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The baby who died twice

"She is not dead," the mother shouted, and she turned on her heel and ran another two blocks to the synagogue.

In the deepest, darkest days of winter, there once was a baby who turned blue and stopped breathing. Her mother grabbed her from the bassinet and ran five blocks down icy streets in the the frigid Chicago winter to the doctor’s house. She banged on the door, and when the doctor  saw the blue baby lying too-still in her arms, he shook his head and said “why are you bringing me a dead baby?”

“She is not dead,” the mother shouted, and she turned on her heel and ran another two blocks to the synagogue.

The mother burst through the doors of the synagogue and found the rabbi deep in prayer. He looked up, his eyes pooled with concern to see a bareheaded woman on a freezing day holding what appeared to be a lifeless baby. Her face white and frozen with tears, the mother handed the motionless infant to the rabbi. He took the baby in his arms. He rocked her back and forth in the shul where her father davened every day. The baby stirred, began to cough, and within moments, the color had returned to her cheeks.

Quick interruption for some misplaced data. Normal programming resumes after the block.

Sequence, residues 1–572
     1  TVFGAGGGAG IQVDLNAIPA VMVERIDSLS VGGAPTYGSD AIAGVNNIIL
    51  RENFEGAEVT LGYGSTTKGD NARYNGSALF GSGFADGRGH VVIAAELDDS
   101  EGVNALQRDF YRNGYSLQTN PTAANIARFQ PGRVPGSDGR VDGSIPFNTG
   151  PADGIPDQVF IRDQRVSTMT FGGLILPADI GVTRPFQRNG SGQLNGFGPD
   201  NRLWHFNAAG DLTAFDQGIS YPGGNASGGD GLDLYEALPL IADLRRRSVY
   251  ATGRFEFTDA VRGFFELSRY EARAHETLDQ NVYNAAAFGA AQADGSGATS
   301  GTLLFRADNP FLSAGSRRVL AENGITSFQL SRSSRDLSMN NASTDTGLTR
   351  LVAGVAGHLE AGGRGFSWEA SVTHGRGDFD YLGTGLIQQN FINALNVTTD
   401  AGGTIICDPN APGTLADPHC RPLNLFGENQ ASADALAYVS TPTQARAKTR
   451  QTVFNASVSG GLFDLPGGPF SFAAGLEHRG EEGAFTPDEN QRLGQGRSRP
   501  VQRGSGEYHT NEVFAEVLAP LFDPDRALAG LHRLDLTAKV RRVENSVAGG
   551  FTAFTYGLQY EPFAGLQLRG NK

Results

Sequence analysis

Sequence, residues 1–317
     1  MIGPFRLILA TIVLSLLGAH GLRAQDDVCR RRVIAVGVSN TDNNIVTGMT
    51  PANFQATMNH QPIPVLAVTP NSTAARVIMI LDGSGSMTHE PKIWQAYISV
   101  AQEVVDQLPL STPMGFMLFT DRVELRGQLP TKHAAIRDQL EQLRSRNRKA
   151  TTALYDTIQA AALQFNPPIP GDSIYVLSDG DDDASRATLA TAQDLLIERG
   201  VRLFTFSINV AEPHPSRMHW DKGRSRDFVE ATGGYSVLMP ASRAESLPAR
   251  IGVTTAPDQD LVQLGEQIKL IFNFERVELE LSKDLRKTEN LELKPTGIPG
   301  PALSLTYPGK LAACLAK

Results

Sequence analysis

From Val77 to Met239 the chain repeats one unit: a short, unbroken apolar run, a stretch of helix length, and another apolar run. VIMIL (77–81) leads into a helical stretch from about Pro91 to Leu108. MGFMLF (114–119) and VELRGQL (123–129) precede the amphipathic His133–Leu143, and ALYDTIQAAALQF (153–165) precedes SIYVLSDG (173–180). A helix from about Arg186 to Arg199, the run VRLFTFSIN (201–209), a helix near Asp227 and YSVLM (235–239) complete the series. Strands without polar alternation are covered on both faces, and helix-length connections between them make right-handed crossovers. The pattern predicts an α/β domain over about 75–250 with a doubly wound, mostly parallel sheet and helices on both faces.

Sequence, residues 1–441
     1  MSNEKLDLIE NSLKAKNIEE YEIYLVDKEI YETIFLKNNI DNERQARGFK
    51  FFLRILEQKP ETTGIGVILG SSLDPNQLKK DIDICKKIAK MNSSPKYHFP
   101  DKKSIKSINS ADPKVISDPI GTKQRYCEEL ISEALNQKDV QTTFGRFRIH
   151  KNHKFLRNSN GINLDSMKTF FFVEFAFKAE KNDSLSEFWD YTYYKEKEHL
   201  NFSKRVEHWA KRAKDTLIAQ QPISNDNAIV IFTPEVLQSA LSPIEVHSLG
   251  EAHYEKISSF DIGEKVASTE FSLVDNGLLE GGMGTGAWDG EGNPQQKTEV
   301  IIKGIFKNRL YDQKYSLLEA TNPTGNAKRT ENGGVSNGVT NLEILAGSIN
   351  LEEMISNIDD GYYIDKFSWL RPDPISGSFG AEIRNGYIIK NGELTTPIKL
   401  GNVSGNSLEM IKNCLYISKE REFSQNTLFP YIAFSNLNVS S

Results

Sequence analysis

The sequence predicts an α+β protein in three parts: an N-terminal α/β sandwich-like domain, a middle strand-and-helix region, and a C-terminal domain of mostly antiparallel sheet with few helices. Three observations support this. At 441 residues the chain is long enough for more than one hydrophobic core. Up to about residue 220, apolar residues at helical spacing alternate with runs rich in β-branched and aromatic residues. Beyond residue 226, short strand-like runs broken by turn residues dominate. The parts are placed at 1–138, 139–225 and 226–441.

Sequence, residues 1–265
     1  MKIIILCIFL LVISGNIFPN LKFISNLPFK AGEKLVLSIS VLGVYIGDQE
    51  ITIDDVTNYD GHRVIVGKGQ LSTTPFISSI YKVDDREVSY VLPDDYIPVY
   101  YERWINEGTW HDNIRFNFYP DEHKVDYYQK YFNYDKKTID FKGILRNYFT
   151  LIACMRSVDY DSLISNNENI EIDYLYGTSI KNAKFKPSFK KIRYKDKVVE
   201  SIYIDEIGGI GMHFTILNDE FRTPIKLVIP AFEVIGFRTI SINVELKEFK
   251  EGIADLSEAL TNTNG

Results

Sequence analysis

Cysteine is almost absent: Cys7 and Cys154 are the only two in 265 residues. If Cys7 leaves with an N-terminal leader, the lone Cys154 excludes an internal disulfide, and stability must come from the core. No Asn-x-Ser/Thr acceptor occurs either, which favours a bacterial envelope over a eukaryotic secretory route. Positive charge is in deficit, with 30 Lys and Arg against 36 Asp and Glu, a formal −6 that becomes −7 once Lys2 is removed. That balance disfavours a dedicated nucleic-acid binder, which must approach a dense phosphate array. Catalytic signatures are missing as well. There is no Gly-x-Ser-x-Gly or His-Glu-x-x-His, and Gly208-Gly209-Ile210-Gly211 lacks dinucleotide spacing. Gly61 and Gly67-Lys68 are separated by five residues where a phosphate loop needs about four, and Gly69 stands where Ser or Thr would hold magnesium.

That baby lived. She learned how to jump rope, and learned “kometz aleph oh” alongside her ABCs. She took dance class and had the best legs in town. She went to the beach with her friends and met a man who made her blush. She married him. That baby got older and gave birth to three beautiful babies. She watched her babies grow up. She buried her parents. She moved to Texas, and then to California to be with her grandchildren. She made the best chicken soup and potato kugel in the whole entire world. She told me bedtime stories and sang softly with a crinkly voice. That baby buried two of her babies – my aunt, and my mother – in an absurd twist of nature.

And even though time slipped through her crooked fingers that had once deftly knitted me a pale blue sweater that I wore on class picture day, the fingers that stroked the cheeks of my sweet babies so many years later, she never stopped grieving, until three years ago tonight when she died again.

golda eli

About the Author
Sarah Tuttle-Singer, Times of Israel's New Media editor, lives in Israel with her two kids in a village next to rolling fields. Sarah likes taking pictures, climbing roofs, and talking to strangers. She is the author of the book Jerusalem Drawn and Quartered. Sarah is a work in progress.